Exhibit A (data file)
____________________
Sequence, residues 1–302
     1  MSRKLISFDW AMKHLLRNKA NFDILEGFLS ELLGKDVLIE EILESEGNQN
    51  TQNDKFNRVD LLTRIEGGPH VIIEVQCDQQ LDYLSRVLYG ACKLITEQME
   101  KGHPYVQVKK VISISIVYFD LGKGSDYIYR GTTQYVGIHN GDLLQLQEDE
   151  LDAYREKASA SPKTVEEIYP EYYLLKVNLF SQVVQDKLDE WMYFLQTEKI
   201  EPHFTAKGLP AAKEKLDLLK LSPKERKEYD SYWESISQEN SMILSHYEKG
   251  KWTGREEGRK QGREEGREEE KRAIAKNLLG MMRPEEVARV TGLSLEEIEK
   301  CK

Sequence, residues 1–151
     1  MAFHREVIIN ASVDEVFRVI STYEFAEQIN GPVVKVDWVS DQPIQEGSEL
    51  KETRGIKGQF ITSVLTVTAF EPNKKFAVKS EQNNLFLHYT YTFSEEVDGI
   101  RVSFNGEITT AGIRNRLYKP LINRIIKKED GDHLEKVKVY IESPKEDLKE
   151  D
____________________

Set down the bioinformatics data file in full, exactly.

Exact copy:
Sequence, residues 1–302
     1  MSRKLISFDW AMKHLLRNKA NFDILEGFLS ELLGKDVLIE EILESEGNQN
    51  TQNDKFNRVD LLTRIEGGPH VIIEVQCDQQ LDYLSRVLYG ACKLITEQME
   101  KGHPYVQVKK VISISIVYFD LGKGSDYIYR GTTQYVGIHN GDLLQLQEDE
   151  LDAYREKASA SPKTVEEIYP EYYLLKVNLF SQVVQDKLDE WMYFLQTEKI
   201  EPHFTAKGLP AAKEKLDLLK LSPKERKEYD SYWESISQEN SMILSHYEKG
   251  KWTGREEGRK QGREEGREEE KRAIAKNLLG MMRPEEVARV TGLSLEEIEK
   301  CK

Sequence, residues 1–151
     1  MAFHREVIIN ASVDEVFRVI STYEFAEQIN GPVVKVDWVS DQPIQEGSEL
    51  KETRGIKGQF ITSVLTVTAF EPNKKFAVKS EQNNLFLHYT YTFSEEVDGI
   101  RVSFNGEITT AGIRNRLYKP LINRIIKKED GDHLEKVKVY IESPKEDLKE
   151  D